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Karnataka: Upset with High Court’s hijab order, 40 Muslim students refuse to appear for exams in Udupi

The students decided to not appear for the examination without wearing the headscarf as they were hurt by the March 15 order that upheld the state government's order banning the use of any religious attire on the premises of educational institutions.

At least forty Muslim girl students from the Udupi district of Karnataka have refused to attend the first pre-university examination on Tuesday after they were apparently hurt by the recent Karnataka High Court verdict banning the wearing of hijab inside classrooms.

According to the reports, the students decided to not appear for the examination without wearing the headscarf as they were hurt by the March 15 order that upheld the state government’s order banning the use of any religious attire on the premises of educational institutions.

Reportedly, at least 24 girl students from Kundapur, 14 from Byndoor and two from Udupi Government Girls Pre-University college have missed the exams because they did not want to follow the uniform dress code. Earlier, these girls, some of whom are also petitioners, had boycotted the practical examinations too.

Similarly, at the RN Shetty PU college, only 13 out of 28 Muslim girl students appeared for the examination. Some students reached the examination centre wearing hijabs, arguing that they should be allowed to write exams in Islamic gear. However, the college authorities denied them permission.

One girl student refused to appear for the examinations at Bhandarkar’s college in Udupi. Six of the eight girl students of Navunda Government PU College abstained from the examinations.

Muslim students refused to appear for preparatory exams

Two weeks earlier, at least 231 Muslim students studying at Government PU College in Uppinangady in Dakshina Kannada district of Karnataka had declined to appear for preparatory exams for the SSLC after being asked to remove their hijabs.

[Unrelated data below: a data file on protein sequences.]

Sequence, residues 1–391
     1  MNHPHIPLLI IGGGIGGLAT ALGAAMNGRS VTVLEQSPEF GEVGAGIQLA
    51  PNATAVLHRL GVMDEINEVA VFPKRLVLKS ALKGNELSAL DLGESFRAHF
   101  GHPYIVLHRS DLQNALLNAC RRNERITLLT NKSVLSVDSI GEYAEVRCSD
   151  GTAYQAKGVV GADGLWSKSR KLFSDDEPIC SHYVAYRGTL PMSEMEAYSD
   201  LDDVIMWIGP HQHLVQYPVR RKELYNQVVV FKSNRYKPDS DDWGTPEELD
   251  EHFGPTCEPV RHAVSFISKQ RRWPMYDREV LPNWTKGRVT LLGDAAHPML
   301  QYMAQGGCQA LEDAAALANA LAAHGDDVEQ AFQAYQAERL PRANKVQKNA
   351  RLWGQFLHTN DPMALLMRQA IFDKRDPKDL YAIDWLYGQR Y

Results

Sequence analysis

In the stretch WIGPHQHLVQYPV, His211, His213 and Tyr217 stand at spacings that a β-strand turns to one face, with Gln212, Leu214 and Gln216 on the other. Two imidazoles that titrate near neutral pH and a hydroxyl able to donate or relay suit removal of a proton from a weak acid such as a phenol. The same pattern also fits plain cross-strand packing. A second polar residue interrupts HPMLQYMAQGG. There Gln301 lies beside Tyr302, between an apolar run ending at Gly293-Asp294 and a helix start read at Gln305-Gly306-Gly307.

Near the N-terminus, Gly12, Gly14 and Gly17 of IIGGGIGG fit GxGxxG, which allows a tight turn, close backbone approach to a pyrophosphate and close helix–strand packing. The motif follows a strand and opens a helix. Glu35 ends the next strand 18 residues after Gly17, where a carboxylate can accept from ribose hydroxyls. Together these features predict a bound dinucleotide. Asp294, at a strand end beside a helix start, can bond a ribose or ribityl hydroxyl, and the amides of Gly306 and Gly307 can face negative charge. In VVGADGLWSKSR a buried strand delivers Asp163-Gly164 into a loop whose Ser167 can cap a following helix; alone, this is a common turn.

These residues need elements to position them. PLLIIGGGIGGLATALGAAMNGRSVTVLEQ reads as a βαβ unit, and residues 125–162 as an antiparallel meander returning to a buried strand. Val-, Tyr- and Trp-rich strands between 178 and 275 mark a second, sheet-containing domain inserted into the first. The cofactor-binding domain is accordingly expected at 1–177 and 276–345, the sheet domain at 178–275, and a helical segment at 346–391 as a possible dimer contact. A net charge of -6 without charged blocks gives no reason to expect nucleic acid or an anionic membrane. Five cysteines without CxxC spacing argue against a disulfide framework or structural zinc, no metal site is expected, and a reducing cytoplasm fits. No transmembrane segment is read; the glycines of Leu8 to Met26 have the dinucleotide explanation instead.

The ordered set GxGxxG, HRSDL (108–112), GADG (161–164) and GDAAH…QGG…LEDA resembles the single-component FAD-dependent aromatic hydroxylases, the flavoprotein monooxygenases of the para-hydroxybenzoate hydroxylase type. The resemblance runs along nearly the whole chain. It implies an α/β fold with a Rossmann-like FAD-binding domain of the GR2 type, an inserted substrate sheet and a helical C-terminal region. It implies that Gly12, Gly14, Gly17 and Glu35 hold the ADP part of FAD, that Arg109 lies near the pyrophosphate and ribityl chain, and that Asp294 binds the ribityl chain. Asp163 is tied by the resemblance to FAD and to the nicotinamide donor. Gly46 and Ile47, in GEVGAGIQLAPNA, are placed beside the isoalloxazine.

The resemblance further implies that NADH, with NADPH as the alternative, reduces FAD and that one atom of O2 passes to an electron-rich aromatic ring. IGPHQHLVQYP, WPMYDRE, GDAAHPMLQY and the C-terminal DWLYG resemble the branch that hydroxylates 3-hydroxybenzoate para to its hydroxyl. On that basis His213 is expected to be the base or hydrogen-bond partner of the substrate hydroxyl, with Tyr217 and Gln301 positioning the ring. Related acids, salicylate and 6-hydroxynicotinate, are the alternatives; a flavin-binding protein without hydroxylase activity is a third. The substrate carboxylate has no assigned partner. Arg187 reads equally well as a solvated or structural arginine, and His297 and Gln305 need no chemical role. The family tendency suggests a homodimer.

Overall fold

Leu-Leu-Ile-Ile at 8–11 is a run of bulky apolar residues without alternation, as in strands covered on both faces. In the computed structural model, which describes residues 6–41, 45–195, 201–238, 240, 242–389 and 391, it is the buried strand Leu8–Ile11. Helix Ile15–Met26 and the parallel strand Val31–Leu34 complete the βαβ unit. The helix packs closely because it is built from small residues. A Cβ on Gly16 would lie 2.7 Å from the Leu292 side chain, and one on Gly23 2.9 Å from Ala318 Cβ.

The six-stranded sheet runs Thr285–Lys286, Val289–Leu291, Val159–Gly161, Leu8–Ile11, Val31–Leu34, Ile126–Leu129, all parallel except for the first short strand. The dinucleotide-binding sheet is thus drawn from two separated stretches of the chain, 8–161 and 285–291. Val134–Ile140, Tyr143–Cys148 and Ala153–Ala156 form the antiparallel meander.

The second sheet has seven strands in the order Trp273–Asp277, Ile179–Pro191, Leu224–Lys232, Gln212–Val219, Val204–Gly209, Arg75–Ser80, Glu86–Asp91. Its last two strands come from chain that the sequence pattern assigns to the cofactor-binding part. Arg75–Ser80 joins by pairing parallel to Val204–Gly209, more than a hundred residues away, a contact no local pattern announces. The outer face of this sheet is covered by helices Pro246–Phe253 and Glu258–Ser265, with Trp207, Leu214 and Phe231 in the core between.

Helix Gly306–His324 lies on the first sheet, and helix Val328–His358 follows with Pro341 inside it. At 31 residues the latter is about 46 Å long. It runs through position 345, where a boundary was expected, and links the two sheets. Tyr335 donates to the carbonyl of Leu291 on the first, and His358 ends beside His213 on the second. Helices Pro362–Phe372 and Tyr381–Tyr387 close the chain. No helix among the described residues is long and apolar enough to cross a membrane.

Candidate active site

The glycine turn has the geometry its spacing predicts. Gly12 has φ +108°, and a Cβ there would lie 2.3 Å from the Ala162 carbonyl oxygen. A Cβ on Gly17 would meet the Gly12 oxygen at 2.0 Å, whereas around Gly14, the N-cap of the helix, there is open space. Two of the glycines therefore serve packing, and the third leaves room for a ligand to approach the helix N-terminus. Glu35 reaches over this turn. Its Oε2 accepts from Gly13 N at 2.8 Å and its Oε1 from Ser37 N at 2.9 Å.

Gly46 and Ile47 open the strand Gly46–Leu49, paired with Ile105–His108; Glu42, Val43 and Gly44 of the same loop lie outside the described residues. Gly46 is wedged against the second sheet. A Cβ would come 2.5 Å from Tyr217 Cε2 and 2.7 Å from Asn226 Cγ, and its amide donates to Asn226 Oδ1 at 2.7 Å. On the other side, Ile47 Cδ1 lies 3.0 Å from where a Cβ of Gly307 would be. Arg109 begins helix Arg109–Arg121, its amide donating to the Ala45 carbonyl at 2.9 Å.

Following the High Court order, the college authorities had asked the students to adhere to the order that banned religious attire such as hijab or burqa in educational institutions and to follow the dress code of educational institutions. However, the girls had refused to remove their hijab, hence the college did not permit them to sit for the exam. 

The insistence of the Muslim students to wear hijab to schools had come even as Karnataka High Court, in a significant judgement, had upheld the rights of educational institutions to mandate uniform dress codes inside campus. In a historic judgement, the Karnataka High Court held that the hijab is not an essential religious practice and upheld the state government’s order banning any religious attire on the premises of educational institutions.

It stated that schools and colleges have a right to mandate a uniform dress code on their premises.

Hijab row

The hijab controversy in Karnataka gained momentum in the first week of January after eight Muslim girls were denied entry to classes in a Udupi college because they were wearing hijab. The college authorities had informed that the hijab was not a part of the uniform dress code mandated for the students.

The Muslim girls, adamant about wearing hijab, then filed a petition in High Court seeking permission to attend classes in hijab. They stated that wearing the hijab was their ‘fundamental right’ granted under Articles 14 and 25 of the Indian Constitution and an ‘integral practice of Islam’.

The controversy spiralled as Hindu students in Karnataka came with saffron scarves around their necks and protested against Muslim girls continuing to wear hijab to college. Tensions also prevailed at some educational institutions in Udupi, Shivamogga, Bagalkote, and other parts, as stones-pelting and violence were reported from various parts of the state.

As reported earlier, the students had begun to wear hijab to schools and colleges after they had met the Campus Front of India (CFI), the student branch of the Islamist organization Popular Front of India (PFI), in October 2021. The students confessed that they had spoken with the CFI.

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OpIndia Staff
OpIndia Staffhttps://www.opindia.com
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